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The days of using an emergency room when you have a confusing late-night or weekend illness may be numbered. New telemedicine services are expanding in Washington – which allow you to see a doctor using a webcam.

It's here. A variant of norovirus first spotted in Australia is now sweeping the U.S.

The wily virus causes stomach upset, vomiting and diarrhea. The sickness is sometimes referred to as the stomach flu, though influenza has nothing to do with it.

In shorthand often used to describe the brain, fear is controlled by a small, almond-shaped structure called the amygdala.

But it's not quite that simple, as a study published Sunday in Nature Neuroscience demonstrates.

Technology has made us healthier in a lot of ways. It’s beaten back old threats from smallpox to stillbirth to scarlet fever. But many think the march of progress has gone too far, and we need to get back to nature. 

Author Nathanael Johnson says most of us are in the middle – suspicious of technology run amok, but unwilling to trade the condo for a mud hut. He investigates whether the natural approach is really better for us in his book, “All Natural.” 

Nathanael also laid out five common myths about nature versus technology. Get the gist below, or click below and listen to the full conversation:

Big science paves the way forward

Jan 31, 2013

Arguments are often heard against big (read: expensive) scientific projects, especially those without an immediate pay off. "Why spend so much money building this machine or spacecraft, when there are so many pressing social issues we must deal with?"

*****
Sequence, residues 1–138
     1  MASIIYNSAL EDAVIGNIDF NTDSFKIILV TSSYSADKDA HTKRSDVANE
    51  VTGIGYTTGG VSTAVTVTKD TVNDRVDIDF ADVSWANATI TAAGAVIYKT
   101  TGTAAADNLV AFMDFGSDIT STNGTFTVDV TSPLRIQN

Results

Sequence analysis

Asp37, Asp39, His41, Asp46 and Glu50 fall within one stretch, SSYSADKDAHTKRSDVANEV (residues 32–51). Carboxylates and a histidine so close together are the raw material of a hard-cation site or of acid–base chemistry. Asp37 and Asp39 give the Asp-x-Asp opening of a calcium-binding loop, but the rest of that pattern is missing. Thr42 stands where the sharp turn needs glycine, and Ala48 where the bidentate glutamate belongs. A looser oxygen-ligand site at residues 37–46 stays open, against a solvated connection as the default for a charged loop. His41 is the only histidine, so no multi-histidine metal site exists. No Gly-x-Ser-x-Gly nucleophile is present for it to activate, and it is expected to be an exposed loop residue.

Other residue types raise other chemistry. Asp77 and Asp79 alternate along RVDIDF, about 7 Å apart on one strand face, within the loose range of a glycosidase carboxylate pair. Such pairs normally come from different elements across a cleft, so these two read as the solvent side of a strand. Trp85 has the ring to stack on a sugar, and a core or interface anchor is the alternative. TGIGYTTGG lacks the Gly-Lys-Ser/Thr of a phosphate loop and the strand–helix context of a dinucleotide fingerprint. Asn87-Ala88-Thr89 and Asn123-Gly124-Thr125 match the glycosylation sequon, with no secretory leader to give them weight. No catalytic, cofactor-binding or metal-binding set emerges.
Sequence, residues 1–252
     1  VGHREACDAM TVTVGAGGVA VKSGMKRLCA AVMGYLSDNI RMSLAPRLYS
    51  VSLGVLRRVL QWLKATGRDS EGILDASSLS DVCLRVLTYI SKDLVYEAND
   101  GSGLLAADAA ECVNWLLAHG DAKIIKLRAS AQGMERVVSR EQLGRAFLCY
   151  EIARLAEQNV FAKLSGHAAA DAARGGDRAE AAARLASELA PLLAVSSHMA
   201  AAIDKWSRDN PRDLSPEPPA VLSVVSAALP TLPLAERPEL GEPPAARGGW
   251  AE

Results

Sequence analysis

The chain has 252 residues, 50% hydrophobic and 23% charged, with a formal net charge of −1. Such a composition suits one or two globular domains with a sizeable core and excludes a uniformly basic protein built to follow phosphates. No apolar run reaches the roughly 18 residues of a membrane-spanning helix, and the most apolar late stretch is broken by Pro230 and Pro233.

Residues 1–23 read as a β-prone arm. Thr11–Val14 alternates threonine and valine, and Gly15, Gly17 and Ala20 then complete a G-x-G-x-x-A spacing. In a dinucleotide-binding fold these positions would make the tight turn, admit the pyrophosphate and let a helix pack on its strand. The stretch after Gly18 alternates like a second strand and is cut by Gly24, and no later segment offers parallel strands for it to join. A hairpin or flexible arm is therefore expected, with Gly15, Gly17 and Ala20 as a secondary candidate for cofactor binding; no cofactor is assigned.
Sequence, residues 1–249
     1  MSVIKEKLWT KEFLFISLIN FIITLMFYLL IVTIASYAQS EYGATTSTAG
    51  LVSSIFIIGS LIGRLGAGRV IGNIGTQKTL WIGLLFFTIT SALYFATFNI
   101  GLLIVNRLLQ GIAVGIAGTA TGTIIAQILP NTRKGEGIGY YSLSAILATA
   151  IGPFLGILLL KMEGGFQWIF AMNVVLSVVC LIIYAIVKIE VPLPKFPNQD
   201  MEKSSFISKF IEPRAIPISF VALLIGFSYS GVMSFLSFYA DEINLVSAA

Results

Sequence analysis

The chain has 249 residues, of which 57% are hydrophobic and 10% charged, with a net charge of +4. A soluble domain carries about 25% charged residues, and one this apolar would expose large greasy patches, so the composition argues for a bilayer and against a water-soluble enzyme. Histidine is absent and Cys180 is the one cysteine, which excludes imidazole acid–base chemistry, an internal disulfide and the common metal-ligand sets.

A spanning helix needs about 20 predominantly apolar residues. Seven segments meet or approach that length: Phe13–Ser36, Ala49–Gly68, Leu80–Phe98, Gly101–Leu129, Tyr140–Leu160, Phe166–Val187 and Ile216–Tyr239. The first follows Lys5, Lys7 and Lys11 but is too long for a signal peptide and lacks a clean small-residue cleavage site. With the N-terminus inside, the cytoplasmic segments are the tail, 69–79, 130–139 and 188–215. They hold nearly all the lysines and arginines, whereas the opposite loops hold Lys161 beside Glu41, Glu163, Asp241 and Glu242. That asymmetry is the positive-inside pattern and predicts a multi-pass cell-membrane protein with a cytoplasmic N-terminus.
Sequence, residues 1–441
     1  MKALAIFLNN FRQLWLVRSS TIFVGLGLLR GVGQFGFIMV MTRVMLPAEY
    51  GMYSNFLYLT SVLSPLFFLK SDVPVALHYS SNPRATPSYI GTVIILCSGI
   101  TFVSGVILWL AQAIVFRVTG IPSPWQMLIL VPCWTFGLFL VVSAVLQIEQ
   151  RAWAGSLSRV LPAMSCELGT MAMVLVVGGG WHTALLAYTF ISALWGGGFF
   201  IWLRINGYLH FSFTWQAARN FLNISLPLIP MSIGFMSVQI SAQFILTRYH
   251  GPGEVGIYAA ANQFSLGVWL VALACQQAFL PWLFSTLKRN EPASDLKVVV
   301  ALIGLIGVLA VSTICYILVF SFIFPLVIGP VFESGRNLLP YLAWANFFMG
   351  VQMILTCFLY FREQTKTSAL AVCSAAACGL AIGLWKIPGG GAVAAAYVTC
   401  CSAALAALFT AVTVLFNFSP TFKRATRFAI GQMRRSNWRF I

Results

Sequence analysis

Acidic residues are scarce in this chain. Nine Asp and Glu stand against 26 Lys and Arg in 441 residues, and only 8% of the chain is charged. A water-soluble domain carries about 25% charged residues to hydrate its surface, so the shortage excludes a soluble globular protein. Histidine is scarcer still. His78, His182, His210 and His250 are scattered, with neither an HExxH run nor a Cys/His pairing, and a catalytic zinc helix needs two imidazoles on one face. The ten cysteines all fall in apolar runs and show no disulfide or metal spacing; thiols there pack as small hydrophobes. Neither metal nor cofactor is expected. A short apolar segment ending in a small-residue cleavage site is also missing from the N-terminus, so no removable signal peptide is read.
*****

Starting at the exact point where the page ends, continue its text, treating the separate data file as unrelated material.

Microbes are known to be able to thrive in extreme environments, from inside fiery volcanoes to down on the bottom of the ocean. Now scientists have found a surprising number of them living in storm clouds tens of thousands of feet above the Earth. And those airborne microbes could play a role in global climate.

In 2007, Christoph Bartneck, a robotics professor at the University of Canterbury in New Zealand, decided to stage an experiment loosely based on the famous (and infamous) Milgram obedience study.

If you’ve been to an emergency room in Washington in recent months, you're probably in a new database.

The goal is to treat more injuries and illnesses outside the emergency department, in a simpler setting, which should save money, curb drug abuse and also benefit patients.

Washington's hospitals and doctors have agreed to enter some basic information about their emergency patients into a computer system. Once you hit your fifth emergency visit per year, the hospital will assign a case manager to look at your records.

massdistraction / Flickr

Drug overdose deaths are on the decline across Washington, at least when it comes to prescription painkillers.

Those pills have been under scrutiny since overdose deaths rose dramatically starting in 1998. They reached a peak in 2008, killing more than 500 people that year.

It is rather rough to see that we are still in the stage of our swaddling clothes, and it is not surprising that the fellows struggle against admitting it (even to themselves).

Keith Seinfeld / kplu

Getting lost in an airport or giant hospital can be like getting lost in a giant maze. So, there's a risk when a hospital remodels and abandons its familiar landmarks.

But, Seattle Children’s hospital is hoping its new navigation system is better--and even will reduce stress and be fun. 

The Associated Press

You may have heard this year’s flu shot is about 60% effective. To be precise, the official estimate is 62%, and it's based on research conducted partially at Group Health Cooperative in Washington.

What does that mean for you? How can someone use that information?

And, how did they arrive at a number like 62%?

How evil is sugar? That's long been a hard question for researchers to answer. Most of the studies about sugar's health effects to date have been too small, too short-term, or too poorly designed to nail it one way or another.

Keith Seinfeld / kplu

Physical signs of President Obama’s health care law are springing up across western Washington. Wherever you live, there’s probably one nearby. They’re medical clinics that cater to low-income people--and they are in growth mode.

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